It was released on DVD by Magnet Releasing and Magnolia Home Entertainment on July 28, 2009.[10] The DVD offers subtitles in English or Spanish. Extra features include six minutes of two deleted scenes, ambient footage of nature and Newfoundland, and the church-burning scene.[10] In Australia, the DVD was released with a Restricted MA15+ rating, warning those under 15 years of age against its "Strong themes and violence."[8] Netflix and Amazon offer the film as "Not Rated", but Walmart lists it as having an R rating.

Critical response[edit]

If nothing else, Mr. Stone, from his tangled hair to dirty feet, has taken himself and his story into the beyond—way, way beyond.

The New York Times[4]

The film received mixed criticism. Regarding viewer reactions, Stone said, "It seems like a love or hate thing."[6] The New York Times noted Stone's adroit use of the beautiful natural scenery but criticized his lack of a "coherent tone" and described the grittier parts of the film as undermining "the moments of grandeur."[4] Stone was compared favorably to filmmaker Werner Herzog for some of the film but in other scenes "his characters are running around like costumed geeks at a comic-book convention."[4]

Variety criticized the poor production, beginning with "still-breathing corpses—an early warning of the semi-amateur production values to come."[5] Variety ridiculed the slangy language of the subtitles: "really killer" and "we're toast".[5] The magazine praised Stone for his ability "to disappear into the wilderness—and his character—with minimal crew."[5]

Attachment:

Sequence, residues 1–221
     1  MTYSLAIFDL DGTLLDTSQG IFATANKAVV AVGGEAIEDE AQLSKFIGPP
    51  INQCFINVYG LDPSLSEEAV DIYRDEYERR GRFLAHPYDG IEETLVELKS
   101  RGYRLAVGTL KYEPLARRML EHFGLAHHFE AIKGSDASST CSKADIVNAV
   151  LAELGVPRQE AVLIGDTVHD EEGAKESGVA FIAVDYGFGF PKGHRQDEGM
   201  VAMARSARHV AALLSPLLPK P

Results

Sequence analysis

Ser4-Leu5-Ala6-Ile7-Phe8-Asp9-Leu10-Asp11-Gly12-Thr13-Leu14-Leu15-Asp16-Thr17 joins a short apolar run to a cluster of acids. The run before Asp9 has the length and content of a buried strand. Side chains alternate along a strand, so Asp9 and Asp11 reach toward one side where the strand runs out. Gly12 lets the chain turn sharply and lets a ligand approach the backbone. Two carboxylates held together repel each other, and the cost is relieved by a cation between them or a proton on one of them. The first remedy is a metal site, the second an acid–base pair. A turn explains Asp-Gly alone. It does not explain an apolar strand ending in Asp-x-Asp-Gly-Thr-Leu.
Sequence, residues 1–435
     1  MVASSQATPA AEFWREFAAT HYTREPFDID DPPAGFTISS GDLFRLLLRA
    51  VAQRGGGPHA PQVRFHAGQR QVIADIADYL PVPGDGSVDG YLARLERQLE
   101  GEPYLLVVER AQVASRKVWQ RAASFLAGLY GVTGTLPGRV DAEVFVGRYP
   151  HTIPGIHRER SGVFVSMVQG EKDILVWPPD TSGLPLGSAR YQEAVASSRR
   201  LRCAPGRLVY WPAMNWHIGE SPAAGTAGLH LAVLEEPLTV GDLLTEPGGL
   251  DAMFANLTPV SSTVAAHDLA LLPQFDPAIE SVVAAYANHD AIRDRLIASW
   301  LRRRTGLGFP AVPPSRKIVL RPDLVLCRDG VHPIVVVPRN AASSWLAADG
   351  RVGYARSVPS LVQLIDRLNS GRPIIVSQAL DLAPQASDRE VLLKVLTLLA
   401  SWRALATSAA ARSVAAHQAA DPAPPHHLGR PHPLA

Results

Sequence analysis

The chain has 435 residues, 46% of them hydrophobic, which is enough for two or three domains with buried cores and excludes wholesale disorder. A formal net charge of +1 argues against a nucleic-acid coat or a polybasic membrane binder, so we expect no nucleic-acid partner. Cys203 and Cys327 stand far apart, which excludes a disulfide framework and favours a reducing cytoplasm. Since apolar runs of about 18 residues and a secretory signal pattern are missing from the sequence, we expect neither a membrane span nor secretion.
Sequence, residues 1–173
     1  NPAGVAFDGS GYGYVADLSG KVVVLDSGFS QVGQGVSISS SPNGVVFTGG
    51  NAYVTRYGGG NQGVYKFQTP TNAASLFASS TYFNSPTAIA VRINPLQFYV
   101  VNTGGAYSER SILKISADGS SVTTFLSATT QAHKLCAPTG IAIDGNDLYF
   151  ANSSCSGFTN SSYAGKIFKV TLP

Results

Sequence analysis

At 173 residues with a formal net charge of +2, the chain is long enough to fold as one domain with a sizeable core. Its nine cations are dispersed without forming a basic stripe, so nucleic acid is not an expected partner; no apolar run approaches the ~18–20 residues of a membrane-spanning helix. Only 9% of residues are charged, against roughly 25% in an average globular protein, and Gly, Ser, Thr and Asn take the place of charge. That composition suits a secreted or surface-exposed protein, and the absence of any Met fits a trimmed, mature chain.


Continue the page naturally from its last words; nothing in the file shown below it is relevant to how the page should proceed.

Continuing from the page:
The Village Voice was sharply critical, saying Stone should have been stopped from making the film. The Voice wrote that "the spectacle of two dudes mucking about in the primal forest becomes tedious as Stone embraces a '70s dippiness".[11]

The Boston Globe wrote that the most of the scenes "look like a homemade educational reenactment", and that the film was "Part Werner Herzog wilderness trial, part epic music video, part religious commentary, part jest".[9] Otherwise, the Globe praised Stone's competence, his "refreshingly open eye", and how the camera "swoops and lopes and circles."[9]

See also[edit]

Notes[edit]

  1. ^ a b c "Severed Ways". Box Office Mojo. Retrieved July 19, 2011. 
  2. ^ Severed Ways at Rotten Tomatoes
  3. ^ a b Walsh, Taylor (July 30, 2009). "Severed Ways: The Viking's Answer to Napoleon Dynamite". ZME Music. Retrieved July 19, 2011. 
  4. ^ a b c d e f g h i j Dargis, Manohla (March 13, 2009). "Adventures in the Raw New World". The New York Times. Retrieved July 19, 2011. 
  5. ^ a b c d e f Debruge, Peter (June 22, 2007). "Severed Ways: The Norse Discovery of America". Variety. Retrieved July 19, 2011. 
  6. ^ a b c d e f g Reichert, Jeff (2009). "Headbanger: An Interview with Tony Stone, director of Severed Ways: The Norse Discovery of America". Reverse Shot. Retrieved July 19, 2011. 
  7. ^ a b Harty, Kevin J. (2011). The Vikings on Film: Essays on Depictions of the Nordic Middle Ages. McFarland. pp. 116–117. ISBN 0-7864-6044-X. 
  8. ^ a b c d Mr. Intolerance (March 7, 2011). "Severed Ways: The Norse Discovery of America (2007)". Digital Retribution. Retrieved July 19, 2011. 
  9. ^ a b c Morris, Wesley (November 6, 2009). "Severed Ways: The Norse Discover America – With a synth-rock score, Vikings will be Vikings". The Boston Globe. Retrieved July 19, 2011. 
  10. ^ a b Lauer, Andy (July 29, 2009). ""Way, Way Beyond": Severed Ways on DVD This Week". IndieWire. Retrieved July 19, 2011. 
  11. ^ Rapold, Nicolas (March 11, 2009). "Vikings Go Severed Ways, Obscenely". The Village Voice. Retrieved July 19, 2011. 

External links[edit]